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Wishing Well

Wishing WellTennessee couple truly enjoys a log home living Story by  Linda VaccarielloPhotography by Roger Wade Jim and Faye Barna each got the house they wanted when they built their new home in 1999. Hers is in the front, his, in the back. From the outside, the front of the house has a long, airy, […]
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Wishing Well
Tennessee couple truly enjoys a log home living



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Story by  Linda Vaccariello
Photography by Roger Wade





Jim and Faye Barna each got the house they wanted when they built their new home in 1999. Hers is in the front, his, in the back. From the outside, the front of the house has a long, airy, inviting Tennessee-style porch, while the rear is heavy with stone accents and baronial details. “I wanted a Southern, country feeling,” Faye says.


The back is all mine,” Jim says of the rear’s design and style. “It’s very Bavarian.”



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Jim can be excused for taking liberties with his home’s architectural style. He’s the owner of Jim Barna Log Systems, one of the country’s largest log home manufacturers, and he’s always eager to show that drama and style can go hand-in-hand with log construction. And what better place to demonstrate that than in your own home?



Jim was born in Hungary and came to the United States as a child. He first built a log home for himself in 1976. Eventually that structure—expanded and remodeled—became the headquarters for his growing business in Oneida, Tennessee. He and Faye married 10 years ago. (She owned a Jim Barna log house before they even met!) When their blended family was younger, they had a place in the country. But by the late 1990s, they were a household with teenagers, and it was time to build again. “The kids wanted to be closer to town,” Jim says.


“And everyone needed their own bedroom,” Faye adds.


“The site they found was a gem—40 wooded acres accessed by an old logging road, with a rock ledge overlooking a Tennessee “holler.” The biggest challenge, Faye recalls, was deciding where on the land to put the house. Every day they’d visit the property and come away with a new idea of the perfect angle, the ideal view and the optimal location to catch all the sunlight from dawn to dusk. The Barnas mulled over plenty of good options before eventually reaching their decision.



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Don’t assume that the construction gods always smile down on a home builder when he’s putting up his own place. Although the Barna house was completed relatively quickly, there were roadblocks early on. “We dug the foundation in December, and then it rained for three months,” Faye says. “When we started the foundation, I threw a penny in the hole for good luck.”


The excavation quickly became a hole filled with muddy water, and Jim teased Faye that it was her fault. “He said I turned it into a wishing well!” she says. Work resumed in the spring, and by October 1999, the dramatic new home was ready.



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The design was developed in collaboration with Alliance Designers of Knoxville, Tennessee, and plans for the 6,000-square-foot home are now included in Barna’s Moss Creek series. While meeting his family’s needs for space and privacy, Jim also used the house to express a multitude of features, including the striking use of stone and wood accents inside and out.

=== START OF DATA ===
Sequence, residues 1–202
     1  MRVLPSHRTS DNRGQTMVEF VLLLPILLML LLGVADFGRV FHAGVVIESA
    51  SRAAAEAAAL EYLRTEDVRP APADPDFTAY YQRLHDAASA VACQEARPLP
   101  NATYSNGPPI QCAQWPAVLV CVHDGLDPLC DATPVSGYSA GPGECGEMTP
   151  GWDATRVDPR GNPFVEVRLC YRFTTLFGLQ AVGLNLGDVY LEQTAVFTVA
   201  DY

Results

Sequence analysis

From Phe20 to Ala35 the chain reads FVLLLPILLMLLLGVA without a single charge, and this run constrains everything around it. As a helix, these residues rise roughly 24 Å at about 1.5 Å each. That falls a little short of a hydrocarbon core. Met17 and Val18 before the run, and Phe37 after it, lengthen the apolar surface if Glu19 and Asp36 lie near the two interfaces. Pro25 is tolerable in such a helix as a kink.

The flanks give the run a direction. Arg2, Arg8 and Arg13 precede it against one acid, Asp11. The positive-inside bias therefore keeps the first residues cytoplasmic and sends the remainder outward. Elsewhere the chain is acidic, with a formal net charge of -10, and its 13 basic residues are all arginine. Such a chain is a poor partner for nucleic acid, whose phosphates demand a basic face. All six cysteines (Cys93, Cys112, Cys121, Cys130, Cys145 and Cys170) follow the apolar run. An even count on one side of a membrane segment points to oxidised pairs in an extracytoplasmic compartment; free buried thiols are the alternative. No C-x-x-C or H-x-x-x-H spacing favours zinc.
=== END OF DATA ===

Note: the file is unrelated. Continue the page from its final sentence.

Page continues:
Everywhere inside the house are natural materials used in sophisticated ways. Case in point: the living room fireplace. Local stone forms the sides of the gas-fueled hearth and extends to a peak. Above and below the mantel, the space is filled with ceramic tile. The same stone is used in the doorway arches that lead from room to room—a reflection of Jim’s love of European castles and manor houses. Overhead is another European influence: diagonal tongue-and-groove ceilings offset by beams with bulls-eye patterned woodwork marking the crossbars.



Faye did the interior decorating herself, including the wall finishes that alternate with log walls inside. The technique involved swirling on moist drywall mud and then glazing it to give it the look of old plaster. It was a two-person job that kept her and an assistant on scaffolding for many days. 



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With three teens in the house, a no-nonsense, hard-working kitchen was an essential. Even so, they haven’t sacrificed style. The work area features all-black appliances, an island, solid-surfacing for countertops and a checkerboard backsplash.


The first-floor master bedroom includes a mahogany entertainment center flanked by walk-in closets, creating what looks like a large piece of custom furniture.


Upstairs are bedrooms for all of the children, plus a loft. Many log home owners are excited to have a loft, then discover that they don’t quite know what to do with it. The Barna family has put theirs to use: It has become the piano room, allowing music to drift throughout the house.

It is, of course, a house built with a family in mind. What will they do when the family is grown?

“Who knows?” Faye says.


If there’s another log house in her future, she’s certain who will build it. •


For a list of companies who contributed to the home, see the January 2002 issue of Log Home Living. 



Jim Barna Log Systems photos / Styled by Debra Grahl



 

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